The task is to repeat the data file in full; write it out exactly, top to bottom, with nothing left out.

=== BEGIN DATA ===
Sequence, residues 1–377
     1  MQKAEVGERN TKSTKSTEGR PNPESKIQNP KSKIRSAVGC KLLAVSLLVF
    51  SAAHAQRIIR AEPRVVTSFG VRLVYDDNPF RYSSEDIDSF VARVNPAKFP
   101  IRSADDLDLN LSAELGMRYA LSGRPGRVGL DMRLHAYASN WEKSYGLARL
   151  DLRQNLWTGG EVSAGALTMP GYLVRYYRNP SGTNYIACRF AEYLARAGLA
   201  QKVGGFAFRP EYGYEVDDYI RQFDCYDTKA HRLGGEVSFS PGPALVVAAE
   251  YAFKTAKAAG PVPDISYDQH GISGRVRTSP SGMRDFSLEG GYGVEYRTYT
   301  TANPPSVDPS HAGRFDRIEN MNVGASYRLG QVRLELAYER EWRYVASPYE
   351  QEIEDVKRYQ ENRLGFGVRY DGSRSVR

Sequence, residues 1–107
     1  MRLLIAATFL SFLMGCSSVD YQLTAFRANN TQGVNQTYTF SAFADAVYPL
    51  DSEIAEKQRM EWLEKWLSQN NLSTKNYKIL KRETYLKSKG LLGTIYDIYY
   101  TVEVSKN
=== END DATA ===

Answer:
Sequence, residues 1–377
     1  MQKAEVGERN TKSTKSTEGR PNPESKIQNP KSKIRSAVGC KLLAVSLLVF
    51  SAAHAQRIIR AEPRVVTSFG VRLVYDDNPF RYSSEDIDSF VARVNPAKFP
   101  IRSADDLDLN LSAELGMRYA LSGRPGRVGL DMRLHAYASN WEKSYGLARL
   151  DLRQNLWTGG EVSAGALTMP GYLVRYYRNP SGTNYIACRF AEYLARAGLA
   201  QKVGGFAFRP EYGYEVDDYI RQFDCYDTKA HRLGGEVSFS PGPALVVAAE
   251  YAFKTAKAAG PVPDISYDQH GISGRVRTSP SGMRDFSLEG GYGVEYRTYT
   301  TANPPSVDPS HAGRFDRIEN MNVGASYRLG QVRLELAYER EWRYVASPYE
   351  QEIEDVKRYQ ENRLGFGVRY DGSRSVR

Sequence, residues 1–107
     1  MRLLIAATFL SFLMGCSSVD YQLTAFRANN TQGVNQTYTF SAFADAVYPL
    51  DSEIAEKQRM EWLEKWLSQN NLSTKNYKIL KRETYLKSKG LLGTIYDIYY
   101  TVEVSKN